PORTLAND, Maine (WPRI) — Reverend Amanda Gerken-Nelson is still coming to terms with what happened not far from her church in Yarmouth, Maine.
The Attleboro native, who’s lived in Portland for eight years, tells 12 News “a veil of grief and fear” has shrouded the entire state after a U.S. Army reservist opened fire at a bowling alley and bar in nearby Lewiston.
“It’s really hard to experience in a state that touts itself as a safe place to be,” she said.
The suspect’s shooting rampage left 18 dead and another 13 wounded. The massive manhunt for the suspect, identified by authorities as 40-year-old Robert Card, has been ongoing for more than 24 hours.
“[There’s] a lot of anger, because some of these things feel preventable,” Gerken-Nelson said. “[There’s] a lot of grief and heartfelt concern for the families that have been so deeply impacted.”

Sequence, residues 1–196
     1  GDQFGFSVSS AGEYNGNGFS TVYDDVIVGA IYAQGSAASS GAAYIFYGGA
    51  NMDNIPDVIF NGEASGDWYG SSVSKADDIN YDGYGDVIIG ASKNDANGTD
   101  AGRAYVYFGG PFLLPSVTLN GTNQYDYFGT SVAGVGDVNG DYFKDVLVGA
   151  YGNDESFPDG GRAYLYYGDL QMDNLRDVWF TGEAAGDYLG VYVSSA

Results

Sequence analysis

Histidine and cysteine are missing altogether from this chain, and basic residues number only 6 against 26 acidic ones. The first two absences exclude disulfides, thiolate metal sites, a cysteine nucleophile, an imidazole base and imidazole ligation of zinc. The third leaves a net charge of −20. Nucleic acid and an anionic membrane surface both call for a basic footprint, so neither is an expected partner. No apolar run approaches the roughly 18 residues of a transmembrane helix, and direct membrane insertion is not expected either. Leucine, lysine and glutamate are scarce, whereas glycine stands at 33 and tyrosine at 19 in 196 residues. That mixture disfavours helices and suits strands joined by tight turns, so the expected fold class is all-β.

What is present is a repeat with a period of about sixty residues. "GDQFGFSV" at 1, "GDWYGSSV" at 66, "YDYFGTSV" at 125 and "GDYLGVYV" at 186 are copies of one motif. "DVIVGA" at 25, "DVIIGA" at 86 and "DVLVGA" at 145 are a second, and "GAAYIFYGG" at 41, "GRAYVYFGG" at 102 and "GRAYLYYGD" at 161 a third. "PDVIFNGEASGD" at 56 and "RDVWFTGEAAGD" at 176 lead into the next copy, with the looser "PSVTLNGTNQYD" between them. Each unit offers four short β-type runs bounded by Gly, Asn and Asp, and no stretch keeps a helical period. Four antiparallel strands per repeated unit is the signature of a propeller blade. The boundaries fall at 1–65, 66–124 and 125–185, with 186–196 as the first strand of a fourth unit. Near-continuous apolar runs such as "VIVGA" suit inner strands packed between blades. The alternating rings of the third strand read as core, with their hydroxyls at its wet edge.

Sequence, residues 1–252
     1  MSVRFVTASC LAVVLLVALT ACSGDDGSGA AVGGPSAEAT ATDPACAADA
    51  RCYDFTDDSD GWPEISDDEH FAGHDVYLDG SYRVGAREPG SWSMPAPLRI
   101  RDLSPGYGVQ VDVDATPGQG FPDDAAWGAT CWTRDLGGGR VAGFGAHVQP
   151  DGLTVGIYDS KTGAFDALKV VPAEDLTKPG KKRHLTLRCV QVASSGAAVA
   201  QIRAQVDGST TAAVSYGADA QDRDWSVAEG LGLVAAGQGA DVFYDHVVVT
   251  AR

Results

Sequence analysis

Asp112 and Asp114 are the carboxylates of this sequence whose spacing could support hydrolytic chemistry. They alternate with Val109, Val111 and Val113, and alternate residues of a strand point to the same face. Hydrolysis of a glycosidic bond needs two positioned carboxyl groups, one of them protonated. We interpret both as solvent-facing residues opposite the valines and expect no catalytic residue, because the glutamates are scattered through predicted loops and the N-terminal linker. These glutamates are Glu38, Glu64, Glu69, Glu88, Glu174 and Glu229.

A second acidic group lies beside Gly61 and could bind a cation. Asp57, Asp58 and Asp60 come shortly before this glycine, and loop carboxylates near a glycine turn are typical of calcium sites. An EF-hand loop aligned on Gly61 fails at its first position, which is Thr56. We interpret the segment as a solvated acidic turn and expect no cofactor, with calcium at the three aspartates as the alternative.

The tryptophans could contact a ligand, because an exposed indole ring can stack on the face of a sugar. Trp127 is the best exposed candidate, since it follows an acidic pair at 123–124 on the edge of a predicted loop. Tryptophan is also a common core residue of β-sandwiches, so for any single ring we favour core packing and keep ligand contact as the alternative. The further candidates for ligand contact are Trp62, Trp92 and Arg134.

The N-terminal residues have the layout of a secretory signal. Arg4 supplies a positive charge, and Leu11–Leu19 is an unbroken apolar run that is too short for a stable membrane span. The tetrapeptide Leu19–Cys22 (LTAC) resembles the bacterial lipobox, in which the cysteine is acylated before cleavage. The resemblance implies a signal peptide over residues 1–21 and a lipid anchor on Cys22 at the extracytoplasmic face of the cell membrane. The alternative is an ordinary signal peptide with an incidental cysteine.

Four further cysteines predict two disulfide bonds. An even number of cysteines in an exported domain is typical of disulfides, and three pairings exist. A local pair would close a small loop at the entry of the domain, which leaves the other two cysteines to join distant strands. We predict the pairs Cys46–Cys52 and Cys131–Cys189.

Gerken-Nelson said it is devastating that this tragedy happened so close to home. She said several members of her congregation live in Lewiston or have family and friends who are located nearby.
“My family and I have recognized that using phrases like, ‘It won’t happen here’ and ‘This could never happen in our neighborhood’ … We can’t say those things,” she said. “I’m utterly distraught that it did [happen here].”
Though she’s mourning alongside the rest of the state, Gerken-Nelson believes it’s the spirit of Maine that will help them pull through.
“Those values of community and support are manifesting across Lewiston and the state,” she said. “It will be the balm to the wound of what this has been for us. It’s going to be what helps hold the state together and our people together.”